Your mouth fills up with loose and crumbling teeth. Suddenly you’re standing on the campus of a high school, unable to find your way to class. The plane is crashing — AGAIN!
Researchers define recurring dreams as dreams that reappear over time, containing both the same theme and the same content. Between 65 -75 percent of adults have recurring dreams which are predominately unpleasant, as confirmed by an informal poll on my Facebook page yesterday.
Naked in a crowd, the PTSD-fueled nightmares of a former paramedic, the inability to move or to scream, and the discovery of a secret room in the house, made for one of the creepier Facebook threads.
A study cited by the National Center for Biotechnology Information (NCBI) reported dreamers plagued by recurrent dreams show higher levels of neuroticism, anxiety, depression, sleep problems and stress. (Sorry, everybody.)
It doesn’t take a peer-reviewed study — but they did one — to know that “repetitive dreams during adulthood may be reliable indicators of unresolved difficulties in the dreamer’s life.” (NCBI)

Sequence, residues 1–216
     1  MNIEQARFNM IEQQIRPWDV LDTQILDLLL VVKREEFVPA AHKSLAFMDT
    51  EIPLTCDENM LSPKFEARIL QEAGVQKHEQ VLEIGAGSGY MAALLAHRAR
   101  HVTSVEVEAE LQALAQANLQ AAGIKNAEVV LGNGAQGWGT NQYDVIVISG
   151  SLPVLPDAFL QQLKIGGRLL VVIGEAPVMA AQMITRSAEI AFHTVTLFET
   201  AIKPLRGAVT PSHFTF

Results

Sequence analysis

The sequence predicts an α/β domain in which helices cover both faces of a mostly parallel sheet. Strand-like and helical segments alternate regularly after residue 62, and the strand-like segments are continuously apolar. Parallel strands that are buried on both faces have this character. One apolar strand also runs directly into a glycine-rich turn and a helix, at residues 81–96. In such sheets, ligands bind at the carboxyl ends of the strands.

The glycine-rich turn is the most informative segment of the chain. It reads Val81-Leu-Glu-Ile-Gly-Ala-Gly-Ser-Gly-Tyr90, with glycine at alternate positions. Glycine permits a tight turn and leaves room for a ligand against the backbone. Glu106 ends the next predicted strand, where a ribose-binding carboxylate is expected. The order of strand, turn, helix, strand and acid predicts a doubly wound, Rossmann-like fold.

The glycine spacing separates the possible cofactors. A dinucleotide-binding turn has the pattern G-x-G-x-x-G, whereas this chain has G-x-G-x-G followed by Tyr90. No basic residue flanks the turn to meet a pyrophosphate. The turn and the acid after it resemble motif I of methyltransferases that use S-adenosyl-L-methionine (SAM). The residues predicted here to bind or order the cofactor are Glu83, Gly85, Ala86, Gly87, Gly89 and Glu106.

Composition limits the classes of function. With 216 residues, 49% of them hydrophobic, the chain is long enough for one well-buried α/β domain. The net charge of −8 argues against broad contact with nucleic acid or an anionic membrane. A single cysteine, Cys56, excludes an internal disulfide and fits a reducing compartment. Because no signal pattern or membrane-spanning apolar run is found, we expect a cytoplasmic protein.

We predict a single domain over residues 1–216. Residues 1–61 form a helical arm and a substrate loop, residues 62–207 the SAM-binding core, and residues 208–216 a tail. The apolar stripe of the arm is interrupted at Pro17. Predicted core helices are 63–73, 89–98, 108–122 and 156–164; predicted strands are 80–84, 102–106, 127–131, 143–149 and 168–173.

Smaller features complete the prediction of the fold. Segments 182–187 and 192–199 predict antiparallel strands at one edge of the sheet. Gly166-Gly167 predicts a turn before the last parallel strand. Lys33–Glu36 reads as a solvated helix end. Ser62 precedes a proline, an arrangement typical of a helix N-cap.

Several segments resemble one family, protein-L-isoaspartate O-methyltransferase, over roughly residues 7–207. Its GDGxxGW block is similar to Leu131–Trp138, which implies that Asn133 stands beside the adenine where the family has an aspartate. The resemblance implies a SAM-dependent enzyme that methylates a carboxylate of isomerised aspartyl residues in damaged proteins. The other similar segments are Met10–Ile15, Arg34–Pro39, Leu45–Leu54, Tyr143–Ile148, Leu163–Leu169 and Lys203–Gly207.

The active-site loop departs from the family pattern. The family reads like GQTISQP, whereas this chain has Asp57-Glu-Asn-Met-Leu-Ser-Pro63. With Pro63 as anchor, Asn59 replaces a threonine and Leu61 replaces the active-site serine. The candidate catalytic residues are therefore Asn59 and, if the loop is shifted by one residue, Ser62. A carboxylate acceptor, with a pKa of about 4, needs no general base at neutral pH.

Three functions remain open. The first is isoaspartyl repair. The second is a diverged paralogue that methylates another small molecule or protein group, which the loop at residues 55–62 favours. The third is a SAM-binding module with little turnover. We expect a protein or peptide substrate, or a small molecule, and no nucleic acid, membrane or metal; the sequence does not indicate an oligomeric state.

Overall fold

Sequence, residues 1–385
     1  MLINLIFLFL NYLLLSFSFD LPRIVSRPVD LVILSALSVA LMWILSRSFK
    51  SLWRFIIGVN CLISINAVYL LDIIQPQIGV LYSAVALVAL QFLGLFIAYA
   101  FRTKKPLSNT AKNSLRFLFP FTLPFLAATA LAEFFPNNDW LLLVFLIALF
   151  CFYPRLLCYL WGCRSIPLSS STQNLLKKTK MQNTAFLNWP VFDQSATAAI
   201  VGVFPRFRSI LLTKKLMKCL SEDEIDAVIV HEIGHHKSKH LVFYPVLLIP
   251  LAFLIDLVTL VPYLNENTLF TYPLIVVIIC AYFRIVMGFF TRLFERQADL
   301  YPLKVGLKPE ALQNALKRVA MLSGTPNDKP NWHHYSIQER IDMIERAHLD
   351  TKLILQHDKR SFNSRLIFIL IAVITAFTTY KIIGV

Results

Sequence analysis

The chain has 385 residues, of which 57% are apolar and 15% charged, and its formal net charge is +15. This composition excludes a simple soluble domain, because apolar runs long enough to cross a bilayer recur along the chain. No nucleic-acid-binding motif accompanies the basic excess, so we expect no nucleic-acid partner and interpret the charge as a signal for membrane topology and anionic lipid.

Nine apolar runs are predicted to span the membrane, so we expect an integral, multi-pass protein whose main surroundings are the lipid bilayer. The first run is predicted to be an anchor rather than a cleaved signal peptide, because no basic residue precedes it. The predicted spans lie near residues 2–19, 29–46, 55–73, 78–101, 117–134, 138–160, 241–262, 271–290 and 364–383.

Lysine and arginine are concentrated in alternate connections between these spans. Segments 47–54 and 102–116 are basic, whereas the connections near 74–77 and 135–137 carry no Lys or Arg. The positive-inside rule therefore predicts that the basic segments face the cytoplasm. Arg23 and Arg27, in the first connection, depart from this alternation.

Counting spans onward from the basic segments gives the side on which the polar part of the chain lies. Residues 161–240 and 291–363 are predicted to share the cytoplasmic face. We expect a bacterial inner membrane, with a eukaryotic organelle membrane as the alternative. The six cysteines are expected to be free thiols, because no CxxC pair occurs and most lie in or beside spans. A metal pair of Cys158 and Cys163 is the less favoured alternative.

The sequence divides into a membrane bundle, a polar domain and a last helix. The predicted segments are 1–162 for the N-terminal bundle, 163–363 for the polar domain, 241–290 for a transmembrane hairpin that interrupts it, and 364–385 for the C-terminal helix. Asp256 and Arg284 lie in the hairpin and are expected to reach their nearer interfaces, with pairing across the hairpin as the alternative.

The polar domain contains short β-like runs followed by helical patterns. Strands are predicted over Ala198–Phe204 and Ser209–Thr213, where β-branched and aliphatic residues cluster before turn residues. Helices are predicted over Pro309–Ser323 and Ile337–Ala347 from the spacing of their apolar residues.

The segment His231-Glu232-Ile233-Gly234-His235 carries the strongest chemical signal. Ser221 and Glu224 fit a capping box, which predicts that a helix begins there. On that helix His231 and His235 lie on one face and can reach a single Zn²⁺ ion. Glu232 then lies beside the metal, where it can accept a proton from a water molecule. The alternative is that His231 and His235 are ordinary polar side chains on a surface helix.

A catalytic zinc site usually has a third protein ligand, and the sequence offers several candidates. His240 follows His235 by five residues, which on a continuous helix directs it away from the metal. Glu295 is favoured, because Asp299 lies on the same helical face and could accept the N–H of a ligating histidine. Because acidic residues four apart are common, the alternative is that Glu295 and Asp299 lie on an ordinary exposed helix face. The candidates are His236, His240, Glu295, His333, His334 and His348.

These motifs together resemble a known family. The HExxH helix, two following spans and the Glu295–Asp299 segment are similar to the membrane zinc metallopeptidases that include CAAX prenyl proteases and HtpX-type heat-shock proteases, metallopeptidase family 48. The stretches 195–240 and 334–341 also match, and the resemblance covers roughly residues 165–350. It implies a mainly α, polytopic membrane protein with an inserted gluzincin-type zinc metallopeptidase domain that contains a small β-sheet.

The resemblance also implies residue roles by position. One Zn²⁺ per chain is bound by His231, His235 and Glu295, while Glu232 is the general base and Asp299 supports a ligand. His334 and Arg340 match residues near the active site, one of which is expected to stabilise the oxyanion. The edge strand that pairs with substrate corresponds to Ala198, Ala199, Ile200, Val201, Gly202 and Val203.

The dreams, which theorists posit contain “scripts,” called “complexes” by Freud, arise and retreat according our level of stress.
Our recurring dreams are the stage where our subconscious plays out the conflict of our waking lives. According to Psychology Today, the circumstances may change, but our dreams harken back to these angst-ridden “scripts” to sort out the emotions.
Professor of Psychiatry Dr. Ernest Hartmann called it a Central Image, an image within the dream that contextualizes a specific negative emotion. His example was the tidal wave dream, in which a massive wave is threatening to overtake the dreamer. People frequently report this dream after experiencing emotional trauma.
Recurring dreams typically contain themes of powerlessness, voicelessness, panic, loss or fear. Changes in relationships, living situations and grief and can bring them on. Common recurring dreams are losing teeth, being chased, finding a secret room, falling, and anxious school situations.